Share This Spectacular Vernacular
Mountain weather has so many anomalies.
For example, a common assumption is that the air always grows cooler the higher the altitude, but that isn’t always true. During a temperature inversion, colder air may settle to the valleys below and warmer temperatures can be found at the higher elevation.
An inversion isn’t unusual. In fact, on calm evenings without any other outside influence, it’s a regular occurrence, particularly at night without the radiant heat from the sun.
Which brings us to today’s vocabulary words.
At night, as the sun sets, the air at the highest elevation naturally cools. When it does, it sinks and slides down the surface of the mountains into the valleys below. These are known as katabatic winds. In the morning, the sun heats that air in the valley and it rises, creating anabatic winds going up the mountain face to the peaks.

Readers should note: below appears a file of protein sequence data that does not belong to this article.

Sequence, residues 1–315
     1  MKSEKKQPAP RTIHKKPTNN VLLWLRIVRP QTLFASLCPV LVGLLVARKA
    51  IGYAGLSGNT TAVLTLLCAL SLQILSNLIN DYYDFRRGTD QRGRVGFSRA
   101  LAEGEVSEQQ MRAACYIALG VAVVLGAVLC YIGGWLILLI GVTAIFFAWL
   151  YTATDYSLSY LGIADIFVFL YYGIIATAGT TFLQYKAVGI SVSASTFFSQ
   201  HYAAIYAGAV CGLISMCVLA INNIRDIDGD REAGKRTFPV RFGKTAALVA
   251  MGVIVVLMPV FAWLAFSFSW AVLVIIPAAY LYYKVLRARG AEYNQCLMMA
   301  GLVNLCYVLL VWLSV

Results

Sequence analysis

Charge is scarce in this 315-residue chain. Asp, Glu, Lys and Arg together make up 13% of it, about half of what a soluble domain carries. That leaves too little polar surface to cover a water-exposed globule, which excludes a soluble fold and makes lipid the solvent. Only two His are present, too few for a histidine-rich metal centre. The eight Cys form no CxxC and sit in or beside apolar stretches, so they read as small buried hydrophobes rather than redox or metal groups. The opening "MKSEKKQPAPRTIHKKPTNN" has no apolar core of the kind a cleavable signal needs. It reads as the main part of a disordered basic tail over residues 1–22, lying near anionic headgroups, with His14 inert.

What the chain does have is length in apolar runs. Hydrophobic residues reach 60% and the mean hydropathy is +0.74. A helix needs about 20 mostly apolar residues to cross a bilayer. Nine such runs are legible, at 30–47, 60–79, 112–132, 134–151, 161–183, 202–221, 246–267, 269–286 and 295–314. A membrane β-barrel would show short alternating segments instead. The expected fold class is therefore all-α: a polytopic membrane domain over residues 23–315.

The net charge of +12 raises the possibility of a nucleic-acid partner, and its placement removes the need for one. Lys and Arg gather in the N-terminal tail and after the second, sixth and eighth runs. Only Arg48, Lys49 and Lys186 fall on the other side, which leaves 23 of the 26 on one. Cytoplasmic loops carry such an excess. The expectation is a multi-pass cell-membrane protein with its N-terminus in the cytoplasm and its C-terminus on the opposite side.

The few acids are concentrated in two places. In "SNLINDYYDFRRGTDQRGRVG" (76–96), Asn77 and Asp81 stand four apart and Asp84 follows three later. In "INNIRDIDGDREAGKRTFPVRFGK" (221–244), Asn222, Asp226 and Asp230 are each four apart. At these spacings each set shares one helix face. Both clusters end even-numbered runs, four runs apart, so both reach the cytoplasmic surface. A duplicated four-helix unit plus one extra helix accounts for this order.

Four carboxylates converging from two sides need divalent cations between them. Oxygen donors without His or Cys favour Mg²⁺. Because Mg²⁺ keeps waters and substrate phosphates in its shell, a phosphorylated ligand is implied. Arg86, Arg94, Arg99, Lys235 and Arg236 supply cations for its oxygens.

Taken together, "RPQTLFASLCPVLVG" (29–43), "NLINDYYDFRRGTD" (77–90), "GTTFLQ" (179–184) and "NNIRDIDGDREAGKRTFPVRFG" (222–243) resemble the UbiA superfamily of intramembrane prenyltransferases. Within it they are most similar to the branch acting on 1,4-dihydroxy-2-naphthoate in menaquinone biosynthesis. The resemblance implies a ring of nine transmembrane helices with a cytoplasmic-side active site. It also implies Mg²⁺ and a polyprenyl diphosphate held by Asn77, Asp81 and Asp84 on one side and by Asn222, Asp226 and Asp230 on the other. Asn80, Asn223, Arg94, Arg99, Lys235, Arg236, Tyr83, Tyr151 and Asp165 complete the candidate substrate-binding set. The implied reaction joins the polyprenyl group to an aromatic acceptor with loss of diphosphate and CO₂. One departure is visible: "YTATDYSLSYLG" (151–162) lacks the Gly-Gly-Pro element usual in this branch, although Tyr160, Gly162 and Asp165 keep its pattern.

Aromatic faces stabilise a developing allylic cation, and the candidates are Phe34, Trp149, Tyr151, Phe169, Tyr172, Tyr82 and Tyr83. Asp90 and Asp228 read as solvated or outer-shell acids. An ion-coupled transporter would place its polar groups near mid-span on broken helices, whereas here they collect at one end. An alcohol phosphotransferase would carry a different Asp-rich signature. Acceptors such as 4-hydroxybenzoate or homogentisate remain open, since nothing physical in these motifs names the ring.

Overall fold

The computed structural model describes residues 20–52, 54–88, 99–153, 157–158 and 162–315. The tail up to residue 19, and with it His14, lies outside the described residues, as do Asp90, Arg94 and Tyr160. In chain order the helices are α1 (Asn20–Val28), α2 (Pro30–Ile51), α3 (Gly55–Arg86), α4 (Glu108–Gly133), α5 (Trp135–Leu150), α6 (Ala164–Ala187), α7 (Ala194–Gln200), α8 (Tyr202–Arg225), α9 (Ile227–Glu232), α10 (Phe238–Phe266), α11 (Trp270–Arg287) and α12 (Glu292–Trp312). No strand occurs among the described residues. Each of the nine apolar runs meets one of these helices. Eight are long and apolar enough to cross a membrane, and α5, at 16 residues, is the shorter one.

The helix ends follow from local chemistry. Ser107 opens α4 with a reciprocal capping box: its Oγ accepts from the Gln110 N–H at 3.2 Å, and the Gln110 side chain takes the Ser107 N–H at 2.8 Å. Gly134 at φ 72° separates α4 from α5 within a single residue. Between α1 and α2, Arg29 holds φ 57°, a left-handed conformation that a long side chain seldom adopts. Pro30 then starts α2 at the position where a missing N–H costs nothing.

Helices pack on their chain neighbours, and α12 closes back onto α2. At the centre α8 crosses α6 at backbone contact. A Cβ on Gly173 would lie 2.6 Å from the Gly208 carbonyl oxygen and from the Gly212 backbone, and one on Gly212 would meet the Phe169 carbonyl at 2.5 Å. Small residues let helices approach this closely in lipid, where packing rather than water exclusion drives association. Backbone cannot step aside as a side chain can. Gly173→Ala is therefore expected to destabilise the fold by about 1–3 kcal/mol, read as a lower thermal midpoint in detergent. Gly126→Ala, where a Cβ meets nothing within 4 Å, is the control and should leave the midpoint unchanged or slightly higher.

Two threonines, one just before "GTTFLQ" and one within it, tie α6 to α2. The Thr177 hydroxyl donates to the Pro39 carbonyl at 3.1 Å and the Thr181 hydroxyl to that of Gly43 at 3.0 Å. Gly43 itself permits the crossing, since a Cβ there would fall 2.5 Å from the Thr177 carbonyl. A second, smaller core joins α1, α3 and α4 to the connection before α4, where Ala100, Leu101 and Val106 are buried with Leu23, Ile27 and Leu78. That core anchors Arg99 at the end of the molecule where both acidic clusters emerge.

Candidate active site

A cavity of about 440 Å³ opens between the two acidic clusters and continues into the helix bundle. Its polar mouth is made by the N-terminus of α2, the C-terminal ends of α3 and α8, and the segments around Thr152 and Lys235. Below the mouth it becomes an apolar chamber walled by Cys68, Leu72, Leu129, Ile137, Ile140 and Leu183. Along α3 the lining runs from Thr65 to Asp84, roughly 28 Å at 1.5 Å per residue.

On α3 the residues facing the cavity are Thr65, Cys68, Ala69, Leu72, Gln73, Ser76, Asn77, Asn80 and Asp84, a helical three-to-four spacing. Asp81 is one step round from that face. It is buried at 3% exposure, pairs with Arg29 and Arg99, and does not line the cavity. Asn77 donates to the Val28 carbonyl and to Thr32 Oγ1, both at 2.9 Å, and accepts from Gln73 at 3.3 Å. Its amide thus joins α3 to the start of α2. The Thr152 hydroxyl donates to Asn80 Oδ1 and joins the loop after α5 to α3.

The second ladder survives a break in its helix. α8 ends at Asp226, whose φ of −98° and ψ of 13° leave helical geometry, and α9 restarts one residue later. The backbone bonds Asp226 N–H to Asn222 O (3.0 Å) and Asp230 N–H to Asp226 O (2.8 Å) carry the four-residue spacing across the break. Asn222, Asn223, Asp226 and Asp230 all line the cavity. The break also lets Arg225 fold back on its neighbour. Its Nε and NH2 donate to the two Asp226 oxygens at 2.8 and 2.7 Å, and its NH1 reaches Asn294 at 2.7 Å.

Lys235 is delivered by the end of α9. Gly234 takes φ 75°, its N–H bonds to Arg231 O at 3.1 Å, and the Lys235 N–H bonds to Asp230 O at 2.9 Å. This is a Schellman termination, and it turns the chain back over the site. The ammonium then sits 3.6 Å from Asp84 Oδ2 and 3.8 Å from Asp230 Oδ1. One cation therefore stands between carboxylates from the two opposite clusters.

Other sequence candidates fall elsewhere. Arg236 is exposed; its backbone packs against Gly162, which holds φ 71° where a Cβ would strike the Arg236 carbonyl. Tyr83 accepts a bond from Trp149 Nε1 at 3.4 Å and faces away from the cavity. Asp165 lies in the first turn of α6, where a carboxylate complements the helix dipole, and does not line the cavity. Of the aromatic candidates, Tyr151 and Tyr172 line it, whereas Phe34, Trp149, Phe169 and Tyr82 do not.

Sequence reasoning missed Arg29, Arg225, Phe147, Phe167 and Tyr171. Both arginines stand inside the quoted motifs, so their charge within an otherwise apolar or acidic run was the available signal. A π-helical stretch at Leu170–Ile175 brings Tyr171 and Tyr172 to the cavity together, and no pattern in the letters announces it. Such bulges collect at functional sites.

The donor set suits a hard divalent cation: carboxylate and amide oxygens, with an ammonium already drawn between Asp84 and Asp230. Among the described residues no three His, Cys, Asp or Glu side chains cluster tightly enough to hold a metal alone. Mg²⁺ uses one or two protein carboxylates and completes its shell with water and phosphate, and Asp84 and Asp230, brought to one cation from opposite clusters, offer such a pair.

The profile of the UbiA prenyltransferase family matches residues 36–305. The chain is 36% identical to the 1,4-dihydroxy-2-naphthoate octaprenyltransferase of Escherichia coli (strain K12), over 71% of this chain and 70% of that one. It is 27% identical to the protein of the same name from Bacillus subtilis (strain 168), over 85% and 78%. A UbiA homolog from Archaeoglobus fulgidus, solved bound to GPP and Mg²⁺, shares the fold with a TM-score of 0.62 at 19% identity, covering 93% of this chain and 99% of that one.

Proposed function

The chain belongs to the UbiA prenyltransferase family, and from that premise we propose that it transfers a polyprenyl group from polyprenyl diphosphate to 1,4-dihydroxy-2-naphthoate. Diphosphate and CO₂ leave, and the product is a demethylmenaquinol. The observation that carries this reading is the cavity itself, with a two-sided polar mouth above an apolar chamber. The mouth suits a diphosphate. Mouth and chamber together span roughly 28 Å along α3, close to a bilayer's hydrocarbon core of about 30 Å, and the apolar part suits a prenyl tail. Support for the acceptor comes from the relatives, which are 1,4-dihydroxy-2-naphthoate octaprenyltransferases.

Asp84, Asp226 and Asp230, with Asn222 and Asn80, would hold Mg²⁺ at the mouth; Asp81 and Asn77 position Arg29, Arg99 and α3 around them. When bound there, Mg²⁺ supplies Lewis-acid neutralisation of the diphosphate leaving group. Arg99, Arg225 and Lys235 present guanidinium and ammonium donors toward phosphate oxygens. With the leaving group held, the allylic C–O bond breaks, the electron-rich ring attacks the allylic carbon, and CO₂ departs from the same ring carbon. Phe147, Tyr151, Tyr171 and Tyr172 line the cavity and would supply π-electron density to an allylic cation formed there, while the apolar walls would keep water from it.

As is so often the case, the words trace back to Greek—katabatos means descending and anabatikos means ascending.
Next time you find yourself in the mountains at sunrise or sunset, you can impress your friends by talking about the katabatic (downslope) or anabatic (upslope) winds.
Good to know, living at 3800 feet. Now, I just need to learn these terms in Spanish. 🙂